30 September 2014

McFarland Chess Books

For today's blog post, I wavered between two topics: a follow-up to a recent post -or- a note on McFarland chess books. By coincidence, in today's post I received the latest McFarland chess catalog and took that as guidance, since it's only the second time I have received their catalog.

I already have a number of McFarland books that I have acquired through the years. I set out to count them and discovered six, along with a few that I have collected in PDF format.

McFarland chess books generally have three characteristics: 1) they are authoritative; 2) they are printed using high quality production techniques; and 3) they are expensive. Unfortunately, 'authoritative' doesn't necessarily mean 'good' and I have been disappointed with one or two. The table below lists the books I have, along with a number of stars to show how highly I value each one.

  Gaige, Chess Personalia
  Gelo, Chess World Championships
  Graham, Women in Chess
  Landsberger, William Steinitz
  Soltis, Soviet Chess, 1917-1991
  Soltis & McCormick, United States Chess Championship, 1845-1996

My PDF versions are all by the same author, Gino Di Felice.

  Di Felice, Chess Periodicals, 1836-2008; Chess Results (two volumes)

After acquiring the books listed above, I told myself that I would never buy another hardcopy version. The cost / benefit ratio is just too erratic. Then, this past Father's Day, I received another McFarland book as a gift. I intended to review it for this post, but I'm at a loss what to say. In a word, it's excellent.

  Forster, The Zurich Chess Club, 1809-2009

I hope to come back to this subject soon. First I have to figure out why I like the book on the Zurich Chess Club so much.

29 September 2014

TMERs: Carlsen - Anand PGN

Continuing with TMERs: Back to Carlsen - Anand, I collected the PGN for all games played by both players since the last time I updated their respective TMER (Tournament, Match, and Exhibition Record). The events and number of games -- using TWIC header data -- are shown below.


Top: Carlsen / Bottom: Anand

Carlsen's table doesn't show 'WCh 2013', because it's already recorded on his TMER (see 'Back to C - A' for the link). The two players have met five times since the Chennai match with a score of +1-1=3. The single game at slow time control was drawn. Next step: Add this index data to the TMERs.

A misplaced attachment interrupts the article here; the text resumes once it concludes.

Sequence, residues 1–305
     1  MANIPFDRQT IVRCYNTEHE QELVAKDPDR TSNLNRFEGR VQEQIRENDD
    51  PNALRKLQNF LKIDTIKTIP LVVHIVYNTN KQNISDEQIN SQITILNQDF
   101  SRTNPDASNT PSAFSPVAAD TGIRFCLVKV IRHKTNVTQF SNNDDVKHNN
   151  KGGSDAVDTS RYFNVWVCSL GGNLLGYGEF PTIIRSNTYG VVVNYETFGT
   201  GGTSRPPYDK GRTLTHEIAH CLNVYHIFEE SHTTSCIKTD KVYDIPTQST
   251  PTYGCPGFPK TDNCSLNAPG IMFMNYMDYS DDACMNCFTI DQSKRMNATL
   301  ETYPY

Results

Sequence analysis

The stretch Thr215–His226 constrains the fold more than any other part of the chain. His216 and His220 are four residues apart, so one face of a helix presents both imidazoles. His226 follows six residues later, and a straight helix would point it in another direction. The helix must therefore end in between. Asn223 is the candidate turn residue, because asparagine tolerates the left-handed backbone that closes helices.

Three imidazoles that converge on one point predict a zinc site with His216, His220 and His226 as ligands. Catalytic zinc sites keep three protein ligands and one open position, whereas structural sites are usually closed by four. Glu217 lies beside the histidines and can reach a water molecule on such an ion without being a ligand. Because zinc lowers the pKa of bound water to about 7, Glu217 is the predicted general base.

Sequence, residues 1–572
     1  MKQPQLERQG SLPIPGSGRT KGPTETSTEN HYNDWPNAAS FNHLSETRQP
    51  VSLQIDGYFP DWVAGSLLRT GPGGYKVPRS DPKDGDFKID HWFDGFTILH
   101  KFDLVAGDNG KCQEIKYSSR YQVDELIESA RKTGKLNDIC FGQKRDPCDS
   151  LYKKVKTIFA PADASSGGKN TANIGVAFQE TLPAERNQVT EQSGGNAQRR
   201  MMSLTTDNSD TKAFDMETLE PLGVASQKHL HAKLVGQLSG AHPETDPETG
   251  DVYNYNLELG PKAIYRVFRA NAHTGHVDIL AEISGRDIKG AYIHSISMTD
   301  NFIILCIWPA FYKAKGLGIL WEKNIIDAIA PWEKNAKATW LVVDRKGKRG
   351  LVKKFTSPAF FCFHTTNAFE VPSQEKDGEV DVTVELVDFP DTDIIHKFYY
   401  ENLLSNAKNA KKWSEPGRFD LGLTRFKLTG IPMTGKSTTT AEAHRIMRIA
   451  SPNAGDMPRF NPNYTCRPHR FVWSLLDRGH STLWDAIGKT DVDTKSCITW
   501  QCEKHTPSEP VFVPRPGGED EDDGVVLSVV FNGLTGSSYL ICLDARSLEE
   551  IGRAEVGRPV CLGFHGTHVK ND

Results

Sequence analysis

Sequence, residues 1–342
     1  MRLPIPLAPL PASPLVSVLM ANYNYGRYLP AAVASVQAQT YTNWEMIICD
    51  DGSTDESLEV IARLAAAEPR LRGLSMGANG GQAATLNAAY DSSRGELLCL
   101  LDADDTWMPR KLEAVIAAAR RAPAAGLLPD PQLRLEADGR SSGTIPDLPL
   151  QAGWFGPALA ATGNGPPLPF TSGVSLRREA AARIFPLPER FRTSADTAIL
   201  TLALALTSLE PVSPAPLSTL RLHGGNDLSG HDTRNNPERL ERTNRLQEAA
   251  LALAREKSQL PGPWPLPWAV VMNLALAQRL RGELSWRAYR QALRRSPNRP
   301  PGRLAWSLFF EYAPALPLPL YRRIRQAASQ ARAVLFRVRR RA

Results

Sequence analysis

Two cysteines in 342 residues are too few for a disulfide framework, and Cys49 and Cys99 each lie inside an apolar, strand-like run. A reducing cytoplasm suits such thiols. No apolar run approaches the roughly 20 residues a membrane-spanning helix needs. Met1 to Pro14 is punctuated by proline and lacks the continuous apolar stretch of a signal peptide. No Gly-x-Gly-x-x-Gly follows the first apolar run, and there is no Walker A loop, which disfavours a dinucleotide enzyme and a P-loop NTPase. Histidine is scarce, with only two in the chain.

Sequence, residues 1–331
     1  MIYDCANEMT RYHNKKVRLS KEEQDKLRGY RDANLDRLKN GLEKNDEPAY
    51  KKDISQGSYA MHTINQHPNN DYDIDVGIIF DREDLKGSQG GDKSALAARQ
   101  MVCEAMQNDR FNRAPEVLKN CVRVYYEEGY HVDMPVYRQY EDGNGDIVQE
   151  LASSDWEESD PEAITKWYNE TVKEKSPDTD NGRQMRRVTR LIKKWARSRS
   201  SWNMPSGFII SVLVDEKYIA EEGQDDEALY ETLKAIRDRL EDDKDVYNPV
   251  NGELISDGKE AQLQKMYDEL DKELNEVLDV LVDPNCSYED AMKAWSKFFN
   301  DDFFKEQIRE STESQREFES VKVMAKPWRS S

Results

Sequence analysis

28 September 2014

The First USCF Chessathon

In Chessathons and SuperNationals, I quoted former USCF Executive Director Al Lawrence, 'From 1992-1996, five annual U.S. Chessathons pitted the best players in the world against school kids in a giant exhibition that made national and international news.' Lawrence announced the first Chessathon in the August 1992 Chess Life (CL).

Last year in this column we set a goal of 64.000 members by June 30 -- the end of USCF's then-new, 1992 fiscal year. As of 30 April 1992, the U.S. Chess Federation already has a paid membership of 63.418 -- the highest ever in our 53-year history! [...] In ten months, total paid membership is up more than 10%. Scholastic membership has soared by 97%! USCF's junior publication, the bi-monthly School Mates, has seen its circulation rocket by 79% to more than 13.400.

THE U.S. CHESS FESTIVAL -- NEW INITIATIVES: In July the U.S. Chess Federation will stage what may be the biggest promotional event in its history -- the U.S. Chessathon. Thousands of children, many of them sponsored by corporate America, will play in a simultaneous exhibition on Saturday, 18 July, in New York City's Central Park to raise money for chess charities. Hundreds of volunteers will help.

The first page of CL's five-page feature in the November 1992 issue is shown below.

The lead paragraph started,

The U.S. Chess Festival was probably the most ambitious project ever undertaken by the USCF. Thousands of staff hours went into the planning of the various activities held 11-24 July. Spearheaded by Assistant Director Daniel Edelman and Executive Director Al Lawrence, the festivities began with the Game/10 and Game/15 Championships, which were held at Hunter College in Manhattan.

The caption under the large photo said,

Judit Polgar poses with U.S. Congressman Ben Gilman. At right, USCF Accountant Art Griggs distributes free literature during the Chessathon. At far right, Judit takes on the Raging Brooks from Adam Clayton Powell JHS.

CL's cover pictured the three Polgar sisters along with the caption, "We'll Take Manhattan..."

ON THE COVER: The Polgars -- sisters Zsuzsa, Sofia, and Judit -- took Manhattan by storm during the USCF's Chessathon. It was a media blitzkrieg which resulted in almost constant public exposure for the USCF and its scholastic programs.